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Biden Addresses Graduates At Coast Guard Academy Commencement

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Andrew Harnik
/
AP Photo
President Joe Biden arrives to speak at the commencement for the U.S. Coast Guard Academy in New London, Conn., Wednesday, May 19, 2021.

Last year COVID-19 forced the U.S. Coast Guard Academy to hold a virtual commencement. On Wednesday, however, this year’s class graduated in person.

And the ensigns received their commission -- and a handshake -- from President Joe Biden.

Biden acknowledged the pandemic’s impact on the cadets’ education and training, but he said the past year’s challenges leave no doubt the class is ready for what lies ahead in real-world service.

“It certainly looked and felt different, I’m sure,” Biden said, “but you found ways to keep many of the academy’s traditions alive, and maybe even formed a few new ones.”

Distinguished graduate cadet first class Sean Seyller spoke to his classmates about the “unconventional” close to their collegiate careers during his commencement address.

“We went from spending three months at home last March to returning for a 14-day quarantine in June, heading out to the fleet for summer assignments, returning for another quarantine in August, and who would have thought we would be gathered here today after two academic semesters sprinkled with highs, lows and COVID scares?” Seyller said.

Beyond COVID-19, Seyller credited his class of 240 cadets for confronting issues around mental health, social justice and sexual harassment.

“In response to issues in our service, the Cadets Against Sexual Assault and Harassment program, led by first class Etta Davis, began the difficult process of rethinking the culture at the academy to better combat sexual harassment and assault and even helped influence change at the service level,” Seyller said.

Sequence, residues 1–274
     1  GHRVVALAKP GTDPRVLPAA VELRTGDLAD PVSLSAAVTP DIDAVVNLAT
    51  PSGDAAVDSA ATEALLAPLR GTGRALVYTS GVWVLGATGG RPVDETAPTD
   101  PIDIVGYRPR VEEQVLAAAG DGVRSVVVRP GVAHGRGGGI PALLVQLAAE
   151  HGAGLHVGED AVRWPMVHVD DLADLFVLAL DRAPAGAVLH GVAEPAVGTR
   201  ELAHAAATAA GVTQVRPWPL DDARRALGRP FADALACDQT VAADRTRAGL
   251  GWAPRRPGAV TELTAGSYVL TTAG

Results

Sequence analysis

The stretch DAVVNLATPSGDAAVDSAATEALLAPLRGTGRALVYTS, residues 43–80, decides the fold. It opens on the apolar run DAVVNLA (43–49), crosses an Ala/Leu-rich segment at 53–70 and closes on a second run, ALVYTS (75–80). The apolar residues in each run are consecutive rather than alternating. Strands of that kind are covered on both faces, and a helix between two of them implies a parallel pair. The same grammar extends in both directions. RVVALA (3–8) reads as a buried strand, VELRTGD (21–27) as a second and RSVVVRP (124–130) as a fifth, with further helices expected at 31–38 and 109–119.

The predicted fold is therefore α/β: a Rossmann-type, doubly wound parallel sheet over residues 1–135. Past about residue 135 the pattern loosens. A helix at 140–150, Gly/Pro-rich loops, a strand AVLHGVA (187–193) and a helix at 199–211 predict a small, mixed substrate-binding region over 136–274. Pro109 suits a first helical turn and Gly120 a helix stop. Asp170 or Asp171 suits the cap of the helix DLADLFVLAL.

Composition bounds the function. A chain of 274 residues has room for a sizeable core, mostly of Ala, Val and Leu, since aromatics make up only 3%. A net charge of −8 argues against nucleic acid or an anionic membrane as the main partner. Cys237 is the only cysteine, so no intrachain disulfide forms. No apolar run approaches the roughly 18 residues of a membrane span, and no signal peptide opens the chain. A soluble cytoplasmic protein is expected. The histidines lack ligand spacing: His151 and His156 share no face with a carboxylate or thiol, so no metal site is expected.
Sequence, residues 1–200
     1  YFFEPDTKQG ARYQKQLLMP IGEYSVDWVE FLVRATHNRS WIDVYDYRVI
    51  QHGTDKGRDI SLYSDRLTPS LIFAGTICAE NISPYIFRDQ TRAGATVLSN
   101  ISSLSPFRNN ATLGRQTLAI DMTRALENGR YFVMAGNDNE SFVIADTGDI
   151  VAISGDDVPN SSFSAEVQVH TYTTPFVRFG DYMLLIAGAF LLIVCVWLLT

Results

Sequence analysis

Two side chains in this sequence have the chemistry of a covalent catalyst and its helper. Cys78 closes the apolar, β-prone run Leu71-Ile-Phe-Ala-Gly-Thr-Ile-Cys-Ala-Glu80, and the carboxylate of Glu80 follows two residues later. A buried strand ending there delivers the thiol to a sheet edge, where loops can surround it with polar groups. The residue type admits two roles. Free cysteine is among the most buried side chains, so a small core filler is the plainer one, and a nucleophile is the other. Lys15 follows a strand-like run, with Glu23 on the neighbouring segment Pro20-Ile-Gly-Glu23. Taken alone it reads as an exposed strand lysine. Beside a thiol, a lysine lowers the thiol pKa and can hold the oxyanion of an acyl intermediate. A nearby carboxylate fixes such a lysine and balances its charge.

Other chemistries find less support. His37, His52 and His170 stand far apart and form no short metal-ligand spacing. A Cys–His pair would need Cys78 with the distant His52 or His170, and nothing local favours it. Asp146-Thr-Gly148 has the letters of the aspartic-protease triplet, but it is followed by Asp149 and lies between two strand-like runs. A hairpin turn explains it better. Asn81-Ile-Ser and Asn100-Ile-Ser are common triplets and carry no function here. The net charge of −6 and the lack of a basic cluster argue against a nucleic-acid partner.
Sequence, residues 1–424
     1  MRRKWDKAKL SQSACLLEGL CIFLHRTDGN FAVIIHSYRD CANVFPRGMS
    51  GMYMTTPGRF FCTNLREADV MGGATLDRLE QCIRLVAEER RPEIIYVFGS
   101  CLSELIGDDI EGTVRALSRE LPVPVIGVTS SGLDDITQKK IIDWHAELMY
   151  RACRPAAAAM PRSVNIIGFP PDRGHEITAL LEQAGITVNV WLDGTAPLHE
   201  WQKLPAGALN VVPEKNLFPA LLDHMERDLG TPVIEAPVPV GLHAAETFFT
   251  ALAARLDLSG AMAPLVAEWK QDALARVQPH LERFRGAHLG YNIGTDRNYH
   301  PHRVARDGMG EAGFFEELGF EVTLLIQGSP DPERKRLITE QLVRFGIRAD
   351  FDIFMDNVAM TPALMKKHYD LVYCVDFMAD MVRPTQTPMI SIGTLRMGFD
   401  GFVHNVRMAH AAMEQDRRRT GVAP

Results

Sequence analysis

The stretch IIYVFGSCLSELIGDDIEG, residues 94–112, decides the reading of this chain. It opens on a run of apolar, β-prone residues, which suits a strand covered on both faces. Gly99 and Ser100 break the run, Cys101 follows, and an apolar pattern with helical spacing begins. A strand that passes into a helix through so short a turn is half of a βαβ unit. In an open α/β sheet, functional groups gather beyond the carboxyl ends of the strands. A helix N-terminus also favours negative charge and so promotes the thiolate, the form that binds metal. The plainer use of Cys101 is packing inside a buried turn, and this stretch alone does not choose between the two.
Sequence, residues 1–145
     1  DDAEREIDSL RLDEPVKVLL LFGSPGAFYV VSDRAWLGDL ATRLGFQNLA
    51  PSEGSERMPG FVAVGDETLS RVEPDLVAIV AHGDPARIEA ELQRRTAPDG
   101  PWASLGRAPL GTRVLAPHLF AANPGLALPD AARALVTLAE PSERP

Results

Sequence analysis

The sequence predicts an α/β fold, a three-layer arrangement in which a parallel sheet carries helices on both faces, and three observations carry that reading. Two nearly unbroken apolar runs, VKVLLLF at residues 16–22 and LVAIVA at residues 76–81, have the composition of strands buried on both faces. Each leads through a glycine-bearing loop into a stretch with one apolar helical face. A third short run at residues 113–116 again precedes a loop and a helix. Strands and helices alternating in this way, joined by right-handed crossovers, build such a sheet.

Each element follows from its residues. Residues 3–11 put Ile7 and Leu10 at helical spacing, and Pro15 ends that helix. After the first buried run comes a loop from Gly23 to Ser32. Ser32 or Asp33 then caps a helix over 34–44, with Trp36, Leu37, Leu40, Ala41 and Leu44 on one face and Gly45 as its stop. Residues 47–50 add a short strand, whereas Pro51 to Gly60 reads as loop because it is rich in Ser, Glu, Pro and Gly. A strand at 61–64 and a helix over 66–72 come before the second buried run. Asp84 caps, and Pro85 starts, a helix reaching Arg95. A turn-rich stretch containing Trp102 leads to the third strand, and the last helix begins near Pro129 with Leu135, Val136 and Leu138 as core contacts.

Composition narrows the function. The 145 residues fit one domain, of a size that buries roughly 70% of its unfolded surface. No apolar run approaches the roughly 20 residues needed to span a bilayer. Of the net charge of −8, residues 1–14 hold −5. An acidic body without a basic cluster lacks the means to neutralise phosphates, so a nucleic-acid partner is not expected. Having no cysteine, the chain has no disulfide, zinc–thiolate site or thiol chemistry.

Membership in CASA has risen in recent years in response to issues within the Coast Guard.

In 2019, 45% of female Coast Guard cadets surveyed said they were sexually harassed the year prior. The Coast Guard has faced pressure from Congress about how it has investigated reports of bullying and harassment.

At one point, Biden spoke directly to the 82 women in the class to indicate his support for them.

“Every member of our armed forces should feel safe and respected in the ranks,” Biden said. “That’s why my administration is committed to taking on the scourge of sexual assault and harassment in the military.”

The academy responded to a request for comment with a written statement, saying it’s working to foster a climate where all personnel recognize sexual assault as a serious crime.

“The Coast Guard Academy is committed to creating a culture intolerant of sexual assault or behaviors that enable it,” a spokesperson wrote. “The Coast Guard has and continues to go to great lengths to prevent sexual assault.”

Cadets took in the commencement ceremony seated 6 feet apart from one another in an effort to mitigate the spread of COVID-19. Attendees were screened and only allowed to come if they were vaccinated. No one was required to wear masks, marking the first day in 14 months that Connecticut had no mask mandate.

This address was Biden’s first in front of the graduating class of a military branch since he became president. He did speak to graduating Coast Guard ensigns in 2013 as vice president. He joked about that, bringing up how, as he was praising the Coast Guard’s ability to adapt so rapidly to changing conditions, he said, “This is not your father’s Coast Guard.”

Commandant Karl Schultz’s son Eric was in this year’s graduating class, so Biden followed that up with “I take that back. First class Eric Schultz, this is your father’s Coast Guard.”

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